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Beachgoers pack the beach in the Cherry Grove section o North Myrtle Beach. On boats, beaches and the boulevards, tourists and residents enjoy the first days of the summer season on the Grand Strand during Memorial Day weekend 2021. May 29, 2021. JASON LEE

Visiting the beach won’t be all sunshine, rainbows and umbrellas. Here’s what to know the two biggest complications ahead: weather and traffic.

  • Weather: Expect rain, and possibly even heavy thunderstorms, Friday afternoon and into the evening. The rain should clear up by mid-afternoon Saturday, and Myrtle Beach will stay sunny through Monday.
  • Traffic: Most of the usual traffic policies will be in affect — Ocean Boulevard will be southbound traffic only and access to Kings Highway will be limited to major intersections like 29th Avenue North, Ninth Avenue North and 13th Avenue South.

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Ocean Boulevard was restricted to one way traffic creating a miles long jam in Downtown Myrtle Beach. On boats, beaches and the boulevards, tourists and residents enjoy the first days of the summer season on the Grand Strand during Memorial Day weekend 2021. May 29, 2021. JASON LEE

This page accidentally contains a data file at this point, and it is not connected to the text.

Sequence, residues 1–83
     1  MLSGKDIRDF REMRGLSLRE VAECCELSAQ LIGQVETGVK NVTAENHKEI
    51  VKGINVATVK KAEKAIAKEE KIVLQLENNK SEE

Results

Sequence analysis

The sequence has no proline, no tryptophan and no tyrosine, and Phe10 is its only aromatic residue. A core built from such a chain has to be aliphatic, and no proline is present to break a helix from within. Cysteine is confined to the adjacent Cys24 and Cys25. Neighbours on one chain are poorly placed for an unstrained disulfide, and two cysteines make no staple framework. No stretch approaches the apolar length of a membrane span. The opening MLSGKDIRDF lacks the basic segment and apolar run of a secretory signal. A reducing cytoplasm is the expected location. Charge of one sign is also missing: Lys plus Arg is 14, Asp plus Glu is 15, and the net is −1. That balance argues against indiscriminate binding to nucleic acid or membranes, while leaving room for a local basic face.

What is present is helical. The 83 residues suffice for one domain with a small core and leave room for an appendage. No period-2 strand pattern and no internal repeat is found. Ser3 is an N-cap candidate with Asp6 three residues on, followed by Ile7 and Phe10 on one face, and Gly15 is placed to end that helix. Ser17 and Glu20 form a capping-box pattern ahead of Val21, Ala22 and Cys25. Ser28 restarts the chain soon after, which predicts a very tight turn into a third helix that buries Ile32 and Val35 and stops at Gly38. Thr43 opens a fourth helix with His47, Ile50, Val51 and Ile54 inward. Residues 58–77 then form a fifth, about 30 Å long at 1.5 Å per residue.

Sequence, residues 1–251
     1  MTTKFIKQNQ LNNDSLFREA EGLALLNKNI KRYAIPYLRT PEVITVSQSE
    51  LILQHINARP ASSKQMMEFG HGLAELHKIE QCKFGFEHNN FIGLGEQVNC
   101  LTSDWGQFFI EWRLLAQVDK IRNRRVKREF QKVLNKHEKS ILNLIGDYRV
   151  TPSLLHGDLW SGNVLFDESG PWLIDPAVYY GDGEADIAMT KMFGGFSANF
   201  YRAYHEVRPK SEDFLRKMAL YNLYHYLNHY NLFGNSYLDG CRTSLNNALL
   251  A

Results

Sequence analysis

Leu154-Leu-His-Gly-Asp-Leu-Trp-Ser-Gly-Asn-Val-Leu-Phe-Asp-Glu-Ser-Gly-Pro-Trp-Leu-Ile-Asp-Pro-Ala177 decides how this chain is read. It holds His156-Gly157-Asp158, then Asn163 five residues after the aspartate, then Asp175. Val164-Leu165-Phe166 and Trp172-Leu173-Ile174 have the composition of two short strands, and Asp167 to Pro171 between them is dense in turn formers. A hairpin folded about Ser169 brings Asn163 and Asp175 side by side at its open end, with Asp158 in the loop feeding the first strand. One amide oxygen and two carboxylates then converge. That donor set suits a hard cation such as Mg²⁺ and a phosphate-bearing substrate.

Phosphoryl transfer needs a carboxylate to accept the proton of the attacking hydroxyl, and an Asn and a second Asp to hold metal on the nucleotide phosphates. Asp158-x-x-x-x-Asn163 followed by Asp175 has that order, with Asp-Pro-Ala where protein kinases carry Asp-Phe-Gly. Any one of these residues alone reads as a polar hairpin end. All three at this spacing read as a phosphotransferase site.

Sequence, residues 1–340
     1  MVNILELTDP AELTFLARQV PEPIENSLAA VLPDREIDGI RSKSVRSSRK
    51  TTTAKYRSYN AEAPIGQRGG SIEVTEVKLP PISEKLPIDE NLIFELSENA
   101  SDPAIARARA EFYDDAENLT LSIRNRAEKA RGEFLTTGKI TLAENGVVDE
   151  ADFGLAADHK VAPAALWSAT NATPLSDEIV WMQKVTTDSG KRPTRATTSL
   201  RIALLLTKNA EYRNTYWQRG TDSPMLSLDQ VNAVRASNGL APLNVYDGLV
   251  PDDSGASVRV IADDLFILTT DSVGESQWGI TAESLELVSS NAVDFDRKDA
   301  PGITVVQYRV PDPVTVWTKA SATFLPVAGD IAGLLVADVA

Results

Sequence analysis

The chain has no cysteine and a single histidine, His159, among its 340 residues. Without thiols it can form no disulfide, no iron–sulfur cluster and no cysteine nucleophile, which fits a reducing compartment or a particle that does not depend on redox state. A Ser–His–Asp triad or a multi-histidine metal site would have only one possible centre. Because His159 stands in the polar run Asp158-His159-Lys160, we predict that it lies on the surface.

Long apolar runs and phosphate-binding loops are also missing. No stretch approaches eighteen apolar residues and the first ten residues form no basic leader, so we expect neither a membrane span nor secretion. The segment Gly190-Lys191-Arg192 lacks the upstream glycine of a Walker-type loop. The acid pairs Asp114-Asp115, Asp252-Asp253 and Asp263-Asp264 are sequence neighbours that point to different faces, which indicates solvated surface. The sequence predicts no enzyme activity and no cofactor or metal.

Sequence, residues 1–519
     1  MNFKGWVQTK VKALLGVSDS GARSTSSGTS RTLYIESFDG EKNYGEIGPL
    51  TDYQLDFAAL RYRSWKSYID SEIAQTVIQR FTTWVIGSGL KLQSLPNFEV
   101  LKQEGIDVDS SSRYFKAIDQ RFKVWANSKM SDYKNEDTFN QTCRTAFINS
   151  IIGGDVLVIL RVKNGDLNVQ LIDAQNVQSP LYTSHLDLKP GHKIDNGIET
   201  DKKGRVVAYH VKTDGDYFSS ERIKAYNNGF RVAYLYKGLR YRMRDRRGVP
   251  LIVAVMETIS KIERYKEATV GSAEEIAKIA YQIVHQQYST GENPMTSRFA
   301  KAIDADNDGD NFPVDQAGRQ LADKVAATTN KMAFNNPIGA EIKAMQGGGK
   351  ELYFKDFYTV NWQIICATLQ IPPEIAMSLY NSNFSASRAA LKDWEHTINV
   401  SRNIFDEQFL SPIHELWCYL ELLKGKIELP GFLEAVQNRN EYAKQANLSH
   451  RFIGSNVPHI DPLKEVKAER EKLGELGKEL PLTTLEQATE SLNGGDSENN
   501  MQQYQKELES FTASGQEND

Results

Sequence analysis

Want something specific to do? Here’s two of the top highlights for events this weekend.

  • In the Market Common, Myrtle Beach is holding the Military Appreciation Days Parade to honor the nation’s heroes, followed by a family picnic.
  • Atlantic Beach Bike Fest runs all weekend, starting Friday, and features live music, dozens of vendors and lots of food.

And remember, COVID is still in the air. If you are worried about getting it, make sure to practice social distancing, wear a mask and wash your hands often.

“Some of our residents wear masks and gloves when they are out. Please respect their choice. They may be in higher risk categories,” North Myrtle Beach said in its Memorial Day advisory. “We sometimes hear people say, ‘If you’re afraid, stay home.’ We remind you that this is their home.”

North Myrtle Beach has also banned all open fires and grilling on its beaches, a change from previous years.

Finally, don’t forget to put on sunscreen! Nobody wants to return to work or school looking like a tomato.

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On boats, beaches and the boulevards, tourists and residents enjoy the first days of the summer season on the Grand Strand during Memorial Day weekend 2021. May 29, 2021. JASON LEE

This story was originally published May 26, 2022 5:00 AM.

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Chase Karacostas writes about tourism in Myrtle Beach and across South Carolina for McClatchy. He graduated from the University of Texas at Austin in 2020 with degrees in Journalism and Political Communication. He began working for McClatchy in 2020 after growing up in Texas, where he has bylines in three of the state’s largest print media outlets as well as the Texas Tribune covering state politics, the environment, housing and the LGBTQ+ community.